Australia’s Shame – some thoughts on the treatment of youth in detention

A 17 year old boy strapped to a restraint chair (Photo: ABC)

A 17 year old boy strapped to a restraint chair (Photo: ABC)

I’ve just watched the Four Corners program on the treatment of youth (mainly Indigenous) in detention in Northern Territory – Australia’s Shame. Like many others I found the horrific video of the treatment of teenagers shocking and very disturbing. There is no excuse for some of the handling of the young people shown during the program.

The repeated incidents involving one boy, Dylan Voller, from 2010, 2011, 2014 and 2015, were particularly disturbing: they weren’t just one-off incidents. The treatment of a young boy in this way is unacceptable and will not lead to positive outcomes in the long-term.

If I treated my children like they, no matter what they had done, they would be taken out of my care. Just because someone is in prison, does not mean they can be treated so inhumanely.

As a community we need to find better ways of responding to young people with problem behaviour. I don’t know Dylan’s background, history or charges, but I do know that the way he was treated in the videos is not going to help.

As a youth worker in the 1990s, I was dismayed at the way some youth services and youth workers

  • Handled conflict with young people
  • Responded to violence or other negative behaviour
  • Treated young people who broke the rules of the service.

In a study I did of an accommodation service for homeless teenagers, out of 38 residents over a two-year period who had left the service, conflict played a significant role in the departure of 24 of them (15 who were kicked out and 9 who left in other negative circumstances). Conflict was a major cause for many of them being homeless and the youth service continued the cycle.

The way young people were treated, led me to complete a PhD exploring the implications of a philosophy of nonviolence for youth work practice. Although youth workers had to respond to a range of challenging behaviour, they generally received no training in behaviour management, they frequently relied on coercive methods for responding to challenging behaviour, and they didn’t even have a common language for talking about behaviour management. (Read about how the police were used as a behaviour management technique.)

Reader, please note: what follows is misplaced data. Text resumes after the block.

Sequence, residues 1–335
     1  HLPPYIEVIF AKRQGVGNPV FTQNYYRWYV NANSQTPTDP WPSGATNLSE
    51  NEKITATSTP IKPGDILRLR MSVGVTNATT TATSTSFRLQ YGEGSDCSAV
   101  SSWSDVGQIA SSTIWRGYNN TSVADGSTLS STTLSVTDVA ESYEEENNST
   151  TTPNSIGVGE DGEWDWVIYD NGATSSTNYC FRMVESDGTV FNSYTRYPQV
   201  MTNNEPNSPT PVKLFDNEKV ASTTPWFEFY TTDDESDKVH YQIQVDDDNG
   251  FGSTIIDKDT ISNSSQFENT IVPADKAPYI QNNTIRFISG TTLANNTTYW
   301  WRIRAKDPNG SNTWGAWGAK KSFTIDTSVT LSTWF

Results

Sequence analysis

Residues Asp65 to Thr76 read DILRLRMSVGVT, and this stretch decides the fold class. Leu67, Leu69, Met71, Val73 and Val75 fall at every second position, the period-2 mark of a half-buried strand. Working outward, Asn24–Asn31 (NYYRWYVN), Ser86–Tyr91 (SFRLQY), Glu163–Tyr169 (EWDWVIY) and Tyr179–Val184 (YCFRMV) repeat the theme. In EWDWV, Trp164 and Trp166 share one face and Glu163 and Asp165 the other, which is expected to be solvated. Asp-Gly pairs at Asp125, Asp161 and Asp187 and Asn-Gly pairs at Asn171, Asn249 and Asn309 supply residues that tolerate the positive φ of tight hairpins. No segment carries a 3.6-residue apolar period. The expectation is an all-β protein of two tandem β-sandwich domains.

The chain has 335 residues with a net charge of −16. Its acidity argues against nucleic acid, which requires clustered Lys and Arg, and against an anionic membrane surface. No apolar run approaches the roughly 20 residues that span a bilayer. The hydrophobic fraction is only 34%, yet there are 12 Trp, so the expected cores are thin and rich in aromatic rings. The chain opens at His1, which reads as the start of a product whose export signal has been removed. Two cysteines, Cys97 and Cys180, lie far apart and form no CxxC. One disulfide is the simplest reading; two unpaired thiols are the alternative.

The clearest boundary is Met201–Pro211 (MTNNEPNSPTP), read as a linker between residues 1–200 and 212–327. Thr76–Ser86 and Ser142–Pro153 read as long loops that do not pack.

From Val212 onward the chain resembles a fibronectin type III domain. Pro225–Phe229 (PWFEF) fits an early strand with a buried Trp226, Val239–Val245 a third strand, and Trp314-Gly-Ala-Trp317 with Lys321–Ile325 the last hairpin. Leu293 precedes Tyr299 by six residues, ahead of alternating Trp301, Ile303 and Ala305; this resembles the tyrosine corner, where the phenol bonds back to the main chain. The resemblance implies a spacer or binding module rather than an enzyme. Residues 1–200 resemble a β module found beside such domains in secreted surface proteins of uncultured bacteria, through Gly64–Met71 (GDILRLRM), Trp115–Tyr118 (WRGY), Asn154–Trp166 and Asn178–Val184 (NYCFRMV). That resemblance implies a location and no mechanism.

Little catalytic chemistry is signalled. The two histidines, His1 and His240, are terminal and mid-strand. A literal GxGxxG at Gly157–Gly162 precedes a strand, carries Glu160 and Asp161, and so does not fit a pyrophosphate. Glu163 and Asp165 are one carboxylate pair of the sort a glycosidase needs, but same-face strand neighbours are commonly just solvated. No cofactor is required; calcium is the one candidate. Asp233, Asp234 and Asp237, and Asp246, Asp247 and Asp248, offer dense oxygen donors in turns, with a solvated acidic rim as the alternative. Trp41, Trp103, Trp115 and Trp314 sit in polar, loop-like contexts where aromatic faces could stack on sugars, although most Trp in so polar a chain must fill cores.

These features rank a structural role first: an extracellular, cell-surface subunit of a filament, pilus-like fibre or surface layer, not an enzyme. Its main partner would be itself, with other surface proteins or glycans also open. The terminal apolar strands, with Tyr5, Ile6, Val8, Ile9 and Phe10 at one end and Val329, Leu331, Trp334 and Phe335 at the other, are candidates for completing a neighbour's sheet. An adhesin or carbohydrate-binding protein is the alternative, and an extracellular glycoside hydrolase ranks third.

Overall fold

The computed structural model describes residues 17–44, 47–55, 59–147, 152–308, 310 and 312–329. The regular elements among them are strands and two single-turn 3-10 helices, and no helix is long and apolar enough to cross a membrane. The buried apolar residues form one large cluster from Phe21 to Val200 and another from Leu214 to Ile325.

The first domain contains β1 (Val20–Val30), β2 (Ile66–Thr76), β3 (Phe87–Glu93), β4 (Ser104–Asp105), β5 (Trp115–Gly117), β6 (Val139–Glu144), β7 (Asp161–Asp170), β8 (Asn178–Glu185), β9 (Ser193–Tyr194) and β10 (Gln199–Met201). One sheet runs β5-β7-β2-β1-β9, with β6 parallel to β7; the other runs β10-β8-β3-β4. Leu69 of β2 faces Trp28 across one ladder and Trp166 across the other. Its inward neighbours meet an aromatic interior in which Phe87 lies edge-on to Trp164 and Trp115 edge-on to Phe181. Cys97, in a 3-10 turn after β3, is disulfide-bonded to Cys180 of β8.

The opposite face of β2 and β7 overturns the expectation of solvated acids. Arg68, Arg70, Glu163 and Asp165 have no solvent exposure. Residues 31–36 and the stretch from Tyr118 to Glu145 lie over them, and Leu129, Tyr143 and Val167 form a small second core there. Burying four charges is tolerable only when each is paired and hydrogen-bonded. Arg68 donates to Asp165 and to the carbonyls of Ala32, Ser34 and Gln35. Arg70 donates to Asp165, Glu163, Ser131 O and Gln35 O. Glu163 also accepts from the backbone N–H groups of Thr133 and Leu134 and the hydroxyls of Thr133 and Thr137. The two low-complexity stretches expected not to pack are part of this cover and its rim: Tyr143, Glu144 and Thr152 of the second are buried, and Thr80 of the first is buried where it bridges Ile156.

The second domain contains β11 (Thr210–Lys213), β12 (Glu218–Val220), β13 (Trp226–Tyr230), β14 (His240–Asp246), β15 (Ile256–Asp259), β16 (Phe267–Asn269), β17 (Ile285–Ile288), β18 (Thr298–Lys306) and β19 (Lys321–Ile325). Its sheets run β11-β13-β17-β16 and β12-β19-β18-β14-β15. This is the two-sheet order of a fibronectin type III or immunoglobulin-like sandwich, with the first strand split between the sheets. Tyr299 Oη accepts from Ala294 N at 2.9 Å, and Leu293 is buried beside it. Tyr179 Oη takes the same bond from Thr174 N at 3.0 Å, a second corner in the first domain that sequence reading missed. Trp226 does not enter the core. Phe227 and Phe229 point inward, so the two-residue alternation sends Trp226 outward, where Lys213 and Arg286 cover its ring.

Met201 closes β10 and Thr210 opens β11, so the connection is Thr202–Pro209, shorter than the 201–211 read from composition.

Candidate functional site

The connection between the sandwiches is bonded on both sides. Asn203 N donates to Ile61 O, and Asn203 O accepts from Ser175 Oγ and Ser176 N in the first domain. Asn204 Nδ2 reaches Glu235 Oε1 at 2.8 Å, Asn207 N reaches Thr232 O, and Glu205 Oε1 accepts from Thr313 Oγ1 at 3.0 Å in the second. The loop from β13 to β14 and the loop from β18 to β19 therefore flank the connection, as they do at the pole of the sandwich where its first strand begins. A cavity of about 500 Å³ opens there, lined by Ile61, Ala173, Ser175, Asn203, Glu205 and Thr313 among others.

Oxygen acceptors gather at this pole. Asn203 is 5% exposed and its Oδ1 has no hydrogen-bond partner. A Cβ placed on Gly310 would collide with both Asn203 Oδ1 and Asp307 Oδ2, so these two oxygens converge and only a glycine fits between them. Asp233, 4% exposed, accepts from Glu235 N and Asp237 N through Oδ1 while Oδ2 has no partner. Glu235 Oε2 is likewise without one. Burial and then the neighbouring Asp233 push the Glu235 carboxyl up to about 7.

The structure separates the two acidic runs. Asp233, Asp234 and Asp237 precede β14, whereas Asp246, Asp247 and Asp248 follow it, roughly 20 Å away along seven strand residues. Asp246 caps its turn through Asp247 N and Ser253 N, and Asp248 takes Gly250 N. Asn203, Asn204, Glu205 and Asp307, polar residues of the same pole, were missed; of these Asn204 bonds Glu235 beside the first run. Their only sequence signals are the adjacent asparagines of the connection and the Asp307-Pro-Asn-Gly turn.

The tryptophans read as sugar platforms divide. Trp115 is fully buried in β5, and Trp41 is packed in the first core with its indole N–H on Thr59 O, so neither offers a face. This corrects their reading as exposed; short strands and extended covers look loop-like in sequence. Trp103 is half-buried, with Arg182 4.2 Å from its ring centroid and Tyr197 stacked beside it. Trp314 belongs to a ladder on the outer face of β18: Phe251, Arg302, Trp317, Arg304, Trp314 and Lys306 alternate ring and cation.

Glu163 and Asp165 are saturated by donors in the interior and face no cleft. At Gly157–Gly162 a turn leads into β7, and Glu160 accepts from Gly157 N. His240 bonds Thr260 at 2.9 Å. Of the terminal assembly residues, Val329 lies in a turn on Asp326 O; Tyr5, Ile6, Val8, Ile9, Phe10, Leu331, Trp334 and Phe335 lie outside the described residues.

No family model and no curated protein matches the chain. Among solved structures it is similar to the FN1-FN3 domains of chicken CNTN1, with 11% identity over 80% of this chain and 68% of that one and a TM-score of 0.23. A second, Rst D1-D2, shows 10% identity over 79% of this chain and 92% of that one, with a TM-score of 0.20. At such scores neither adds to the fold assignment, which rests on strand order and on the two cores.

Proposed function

Tim Newell (who worked in prisons for almost 40 years) argues that there the criminal justice system has to move from its “current emphasis on punishment to one of prevention, protecting the public and holding offenders accountable” (p. 8). Youth detention centres should focus on restoring young people to the community.

I was disturbed that part of the response by the Northern Territory Chief Minister was to say that

The community of the NT is sick of youth crime, they’ve had a gutful of cars getting smashed up, houses getting broken into, people being assaulted; the majority of the community is saying, `let’s lock these kids up’.

The all too frequent law and order debate, so loved by some politicians and media, are part of the problem.

I’m glad that the program has created such outrage, but outrage will only start a process. We need to build more compassionate responses that – rather than relying on force, exclusion and coercion to punish people – are based on restorative justice, reintegration and community based alternatives to imprisonment.

If you liked this post please follow my blog (top right-hand corner of the blog), and you might like to look at:

  1. Nonviolence as a Framework for Youth Work Practice
  2. Youth work and the police
  3. Principles of nonviolence
  4. 12 principles of a problem solving approach to conflict resolution
  5. What are Alternatives to Violence Project (AVP) workshops?
  6. Social change and strengths-based approaches

About Graeme Stuart

Lecturer (Family Action Centre, Newcastle Uni), blogger (Sustaining Community), environmentalist, Alternatives to Violence Project facilitator, father. Passionate about families, community development, peace & sustainability.
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